I enjoyed looking through those Y-tube clips of “Soul Train” so much this week. I am going to have wheel & come again because there really was so much great music made in those early 70s. I was never one for running about a baseball park in a “Disco Sucks” T-shirt (I’m still a big fan of Chic) but as the sweet soul I loved was replaced by some sacchariferous apology I could not help feeling that something was being lost from black American music. Here are three clips of the very sweet soul that came out of Philadelphia in the early 70s when a couple of production teams found a hit formula to rival the earlier success of Motown and Stax.

Well, hello Ms Jackie Brown. Quentin T pulled a real stroke when he ran the opening two tracks of the Delfonics “Greatest Hits” behind the scene when Pam Grier invites Robert Forster to her apartment. It was just so right. Man, the day Ms Grier comes around to my place (in my dreams) it is always the mellifluous Bell-Hart symphonic soul collection that I reach for. When I try to force this old soul onto the young folk I always use the “Look, if it’s good enough for me & Tarentino” line but they stick with their hippity-hoppity & laugh at my prehistoric taste.

Producer Thom Bell and singer William Hart got it right for a couple of years before Bell hooked up with Linda Creed & the Stylistics. The Delfonics had some good records after the break but none as great as these early hits. There is a clip of a live performance of this song where Hart really does bring his lovely falsetto. The band, however, do not really get to the smoothness of Bell’s production. For this clip the law around here is you got to wear your sunglasses. Not so that you can feel cool, gangster lean but to protect your eyes from the ridiculous jumpsuits the guys are wearing.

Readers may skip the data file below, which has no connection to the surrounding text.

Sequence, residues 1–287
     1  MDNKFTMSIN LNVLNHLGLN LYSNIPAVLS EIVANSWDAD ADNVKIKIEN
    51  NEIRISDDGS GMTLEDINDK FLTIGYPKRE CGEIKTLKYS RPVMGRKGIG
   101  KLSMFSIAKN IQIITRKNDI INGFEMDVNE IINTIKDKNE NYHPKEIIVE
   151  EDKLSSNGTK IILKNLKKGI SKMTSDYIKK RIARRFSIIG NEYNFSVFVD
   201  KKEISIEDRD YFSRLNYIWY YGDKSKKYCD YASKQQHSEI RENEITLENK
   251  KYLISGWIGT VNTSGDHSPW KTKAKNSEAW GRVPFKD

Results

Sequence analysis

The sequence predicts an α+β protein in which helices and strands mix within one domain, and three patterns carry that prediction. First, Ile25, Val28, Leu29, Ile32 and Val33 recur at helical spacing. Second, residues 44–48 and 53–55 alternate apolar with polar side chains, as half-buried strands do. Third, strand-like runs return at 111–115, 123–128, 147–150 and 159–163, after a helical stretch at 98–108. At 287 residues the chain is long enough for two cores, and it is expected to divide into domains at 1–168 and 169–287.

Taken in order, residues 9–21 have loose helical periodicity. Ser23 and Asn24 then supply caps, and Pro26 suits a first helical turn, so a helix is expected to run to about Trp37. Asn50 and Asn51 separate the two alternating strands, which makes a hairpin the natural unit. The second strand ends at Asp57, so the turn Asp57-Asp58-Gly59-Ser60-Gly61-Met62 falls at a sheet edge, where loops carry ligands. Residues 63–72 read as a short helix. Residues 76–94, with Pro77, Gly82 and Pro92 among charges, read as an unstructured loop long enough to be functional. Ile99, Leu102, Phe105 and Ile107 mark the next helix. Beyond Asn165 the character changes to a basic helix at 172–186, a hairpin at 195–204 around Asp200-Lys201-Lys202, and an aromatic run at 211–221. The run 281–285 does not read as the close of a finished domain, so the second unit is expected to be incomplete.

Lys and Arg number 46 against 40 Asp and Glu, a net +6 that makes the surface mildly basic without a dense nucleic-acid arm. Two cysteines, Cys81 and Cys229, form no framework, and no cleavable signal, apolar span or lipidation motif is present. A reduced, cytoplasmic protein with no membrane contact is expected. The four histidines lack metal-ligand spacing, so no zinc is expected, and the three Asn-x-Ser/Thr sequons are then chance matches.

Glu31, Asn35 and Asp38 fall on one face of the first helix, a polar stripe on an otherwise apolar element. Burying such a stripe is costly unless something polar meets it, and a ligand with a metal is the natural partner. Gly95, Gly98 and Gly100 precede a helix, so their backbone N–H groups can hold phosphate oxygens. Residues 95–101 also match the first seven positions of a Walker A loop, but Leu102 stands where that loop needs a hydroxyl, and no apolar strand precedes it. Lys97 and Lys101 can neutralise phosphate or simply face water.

Oh boy ! If you are not on this then I am going to have to provide a very long exposition which will hardly aid your enjoyment of this classic.I will try and keep it short.

This is Harold Melvin & the Blue Notes with their 6th hit produced by the team of Kenny Gamble & Leon Huff. That is not Harold singing, Mr Melvin is sat with the other Blue Notes while Teddy Prendergrass does that thing he did so well & sings/sells a classy single. It was a similar deal to Kool & the Gang (which one’s Kool ? None of them) when the voice of James Taylor was so well known or the Commodores when it was the ballads of Lionel Richie getting them on the charts. Teddy was the lead on all the hits. He was the voice & the face of the group. When he asked Harold if there could be a re-branding to “Teddy Prendergrass & the Blue Notes” he was turned down. The group’s days were numbered.